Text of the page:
By Cris Benson
I was recently reading another fantasy football blog that said you should not draft Kansas City Chiefs running-back Jamaal Charles. Now I don’t always agree with the fantasy football advice on this particular blog but I respect the bloggers opinion. On the other hand I was hoping to find something that was substantial in their analysis and all I found was someone practicing medicine without a license, a breakdown of last season’s Chiefs offensive line, and a lot of unsupported opinions.
Here is the problem with the bloggers case; they are knee deep in fantasy world and not in the reality of NFL football. Sometimes we have to view things within the perspective of reality rather than the view of them through the red tinted glasses of fantasy statistics.
First Jamaal Charles injured his left knee tearing his ACL during week two of the 2011 season. While fifteen years ago a torn ACL might be considered a career ending injury today a torn ACL can be treated and healed. Not healed a little, or some, or the myth that you’re never the same. You are physically healed and can do everything that you were able to do prior to the torn ACL.
In all honesty surgery, time, appropriate rehab, and rest can heal the most significant of sports injury and you need look no further than the sport of basketball.
When Baron Davis tore his ACL’s in college some thought the his dreams of playing in the NBA were all but over however Davis went on to have a great NBA career. Now you might stop and say wait didn’t Davis blowout his ACL again this past NBA season while playing for the New York Knicks ushering in that awful phrase Lin-Sanity. Well you’re correct but first consider these facts. Davis returned to basketball his sophomore year at UCLA and didn’t appear to show any signs of injury. His recovery was so apparent that the Hornets drafted him third overall in the 1999 NBA Draft and that torn ACL with stood a fifteen year NBA career.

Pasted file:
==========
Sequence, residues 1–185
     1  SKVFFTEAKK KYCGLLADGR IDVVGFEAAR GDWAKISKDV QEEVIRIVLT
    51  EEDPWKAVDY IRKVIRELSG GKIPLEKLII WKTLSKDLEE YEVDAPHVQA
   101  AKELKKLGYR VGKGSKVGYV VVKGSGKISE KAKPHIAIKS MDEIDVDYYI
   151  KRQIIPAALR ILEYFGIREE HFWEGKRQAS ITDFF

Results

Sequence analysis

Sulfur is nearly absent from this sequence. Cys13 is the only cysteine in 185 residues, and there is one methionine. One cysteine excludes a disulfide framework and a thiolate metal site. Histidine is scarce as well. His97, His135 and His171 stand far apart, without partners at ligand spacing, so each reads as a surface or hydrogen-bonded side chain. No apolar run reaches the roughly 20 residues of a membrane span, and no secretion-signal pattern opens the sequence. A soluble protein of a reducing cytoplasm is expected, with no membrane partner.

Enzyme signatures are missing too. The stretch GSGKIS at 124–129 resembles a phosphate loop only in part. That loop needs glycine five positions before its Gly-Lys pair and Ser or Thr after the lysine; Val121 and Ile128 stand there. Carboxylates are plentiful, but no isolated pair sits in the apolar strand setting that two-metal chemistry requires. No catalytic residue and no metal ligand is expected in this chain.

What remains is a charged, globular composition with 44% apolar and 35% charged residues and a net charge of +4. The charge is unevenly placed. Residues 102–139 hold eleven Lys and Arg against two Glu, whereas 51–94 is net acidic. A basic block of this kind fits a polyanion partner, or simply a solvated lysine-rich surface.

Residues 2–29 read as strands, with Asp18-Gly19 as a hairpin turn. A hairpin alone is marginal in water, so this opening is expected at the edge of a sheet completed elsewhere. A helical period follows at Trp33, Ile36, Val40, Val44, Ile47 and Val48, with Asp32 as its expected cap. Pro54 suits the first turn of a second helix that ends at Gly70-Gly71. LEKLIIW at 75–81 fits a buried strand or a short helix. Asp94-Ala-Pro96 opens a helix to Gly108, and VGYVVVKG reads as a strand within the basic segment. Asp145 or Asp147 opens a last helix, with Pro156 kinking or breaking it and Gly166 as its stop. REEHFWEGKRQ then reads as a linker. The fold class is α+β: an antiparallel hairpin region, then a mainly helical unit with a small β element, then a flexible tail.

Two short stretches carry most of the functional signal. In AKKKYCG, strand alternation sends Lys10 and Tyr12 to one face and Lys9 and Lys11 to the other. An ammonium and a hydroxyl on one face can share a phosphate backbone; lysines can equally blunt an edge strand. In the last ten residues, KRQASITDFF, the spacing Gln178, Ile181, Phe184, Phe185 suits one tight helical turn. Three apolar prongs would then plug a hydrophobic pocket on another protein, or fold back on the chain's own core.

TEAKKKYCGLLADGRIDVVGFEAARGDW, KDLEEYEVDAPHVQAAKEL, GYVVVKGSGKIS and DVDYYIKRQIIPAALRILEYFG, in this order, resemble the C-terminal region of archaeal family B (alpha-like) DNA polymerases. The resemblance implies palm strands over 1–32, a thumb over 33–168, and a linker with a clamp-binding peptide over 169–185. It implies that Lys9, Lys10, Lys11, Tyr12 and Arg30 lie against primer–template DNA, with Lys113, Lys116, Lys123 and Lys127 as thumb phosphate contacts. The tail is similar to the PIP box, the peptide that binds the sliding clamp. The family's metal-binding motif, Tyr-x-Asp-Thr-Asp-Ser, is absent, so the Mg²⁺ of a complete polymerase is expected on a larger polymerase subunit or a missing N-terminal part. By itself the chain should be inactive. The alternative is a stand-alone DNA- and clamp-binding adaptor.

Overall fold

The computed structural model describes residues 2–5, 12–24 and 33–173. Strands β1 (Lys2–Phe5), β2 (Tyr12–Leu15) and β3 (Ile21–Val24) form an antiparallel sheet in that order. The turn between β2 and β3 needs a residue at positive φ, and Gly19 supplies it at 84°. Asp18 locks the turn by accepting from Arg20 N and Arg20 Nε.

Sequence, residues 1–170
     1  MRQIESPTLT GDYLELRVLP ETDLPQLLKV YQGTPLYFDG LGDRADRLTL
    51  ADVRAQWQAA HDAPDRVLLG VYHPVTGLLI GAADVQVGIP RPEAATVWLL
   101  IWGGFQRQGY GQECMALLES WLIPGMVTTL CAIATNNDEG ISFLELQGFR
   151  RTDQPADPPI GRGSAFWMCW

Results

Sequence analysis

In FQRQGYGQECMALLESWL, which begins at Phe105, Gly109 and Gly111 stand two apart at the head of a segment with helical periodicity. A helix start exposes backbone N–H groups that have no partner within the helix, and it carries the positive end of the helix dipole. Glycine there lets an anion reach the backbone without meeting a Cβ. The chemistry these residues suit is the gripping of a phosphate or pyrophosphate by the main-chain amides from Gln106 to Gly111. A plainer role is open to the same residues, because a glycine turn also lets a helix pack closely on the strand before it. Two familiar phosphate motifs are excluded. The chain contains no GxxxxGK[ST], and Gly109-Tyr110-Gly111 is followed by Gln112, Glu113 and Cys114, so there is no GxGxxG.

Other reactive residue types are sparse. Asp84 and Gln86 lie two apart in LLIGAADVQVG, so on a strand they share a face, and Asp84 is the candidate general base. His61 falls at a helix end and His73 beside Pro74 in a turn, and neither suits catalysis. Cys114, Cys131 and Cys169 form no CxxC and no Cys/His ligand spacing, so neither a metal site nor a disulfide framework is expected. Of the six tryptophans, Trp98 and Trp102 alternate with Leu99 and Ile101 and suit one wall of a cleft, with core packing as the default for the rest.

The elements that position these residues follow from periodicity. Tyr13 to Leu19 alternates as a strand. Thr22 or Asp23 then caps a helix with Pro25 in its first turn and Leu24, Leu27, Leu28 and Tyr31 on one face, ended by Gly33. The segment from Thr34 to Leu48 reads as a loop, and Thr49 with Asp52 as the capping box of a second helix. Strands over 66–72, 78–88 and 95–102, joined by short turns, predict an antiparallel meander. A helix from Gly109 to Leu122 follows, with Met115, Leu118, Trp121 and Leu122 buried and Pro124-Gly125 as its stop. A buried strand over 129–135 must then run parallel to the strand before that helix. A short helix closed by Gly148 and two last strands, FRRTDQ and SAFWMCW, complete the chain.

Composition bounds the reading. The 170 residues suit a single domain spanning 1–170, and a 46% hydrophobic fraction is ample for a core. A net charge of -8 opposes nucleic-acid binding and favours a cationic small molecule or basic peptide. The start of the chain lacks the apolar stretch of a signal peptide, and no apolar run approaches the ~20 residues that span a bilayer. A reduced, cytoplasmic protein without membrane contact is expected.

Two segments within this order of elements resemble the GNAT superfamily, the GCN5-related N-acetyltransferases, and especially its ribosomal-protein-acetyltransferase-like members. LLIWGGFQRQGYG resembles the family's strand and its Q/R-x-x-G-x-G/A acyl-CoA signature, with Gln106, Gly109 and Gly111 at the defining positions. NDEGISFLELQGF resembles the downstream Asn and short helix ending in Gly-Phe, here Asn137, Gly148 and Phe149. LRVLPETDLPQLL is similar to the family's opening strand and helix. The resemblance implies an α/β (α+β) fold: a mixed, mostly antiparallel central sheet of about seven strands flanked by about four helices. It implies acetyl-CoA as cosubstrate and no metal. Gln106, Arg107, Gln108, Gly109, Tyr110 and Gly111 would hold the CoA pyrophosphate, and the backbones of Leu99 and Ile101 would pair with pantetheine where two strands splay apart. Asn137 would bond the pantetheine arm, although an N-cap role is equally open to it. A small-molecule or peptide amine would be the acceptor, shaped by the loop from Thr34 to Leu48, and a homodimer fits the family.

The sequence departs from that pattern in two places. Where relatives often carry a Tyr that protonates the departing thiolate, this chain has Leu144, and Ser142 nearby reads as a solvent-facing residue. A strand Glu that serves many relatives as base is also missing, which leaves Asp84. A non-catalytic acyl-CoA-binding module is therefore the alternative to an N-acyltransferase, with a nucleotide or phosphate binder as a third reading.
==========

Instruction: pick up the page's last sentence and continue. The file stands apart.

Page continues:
Now I am no expert on torn ACL’s but Sports Illustrated writer Will Carroll is the closest to an expert to ask these types of questions. Will Carroll is the leader in reporting sports injury and was kind enough to answer a few of my questions about ACL injury and recovery.
The Informer: Will Jamaal Charles be more prone to a re-occurrence of ACL injury in the future or is that a myth?
Will Carroll SI.com: Myth. There’s no evidence that there’s a susceptibility increase. What you have to look back on is whether what he does increased his risks and I see no evidence of that.
The Informer:If NO will he be more prone to other injuries do to overcompensation? Such as hamstring, MCL injury, what I am asking is can the knee return to previous stability?
Will Carroll SI.com: The rehab process is pretty foolproof at this stage. We’ve had enough of these to realize that the stabilizing structures have a huge importance, so we tend not to make those mistakes any more. Where we do see some issues is that the lack of confidence in the knee can lead to gait changes, which can lead to some muscular issues.
However I am certain some of you are saying that basketball isn’t football and that injuries do reoccur when you are being hit by a 250lb linebacker. Well yes that is true however it’s just as likely that an injury would occur to another body part based on that idea.
Carroll points out that the “rehab process is full proof” and ACL injuries are just a much a mental roadblock as it is a physical one. The road to a full return requires physical activity so that the injured knee returns to the proper balance. Jamaal Charles is well past that stage and is ready to return to the form he had in 2010.
Now with the injury behind us will the Chiefs offensive-line be able to create gaps for Charles to run through? Well returning to that bloggers argument against drafting Jamal Charles the issue of running between the guards is one that is not relevant.
Why? Jamaal Charles played one full game last season and was clearly missed by the Chiefs. For the record; I never was a Charles fan until I realized how talented he was and how he was able to keep defenders off balance.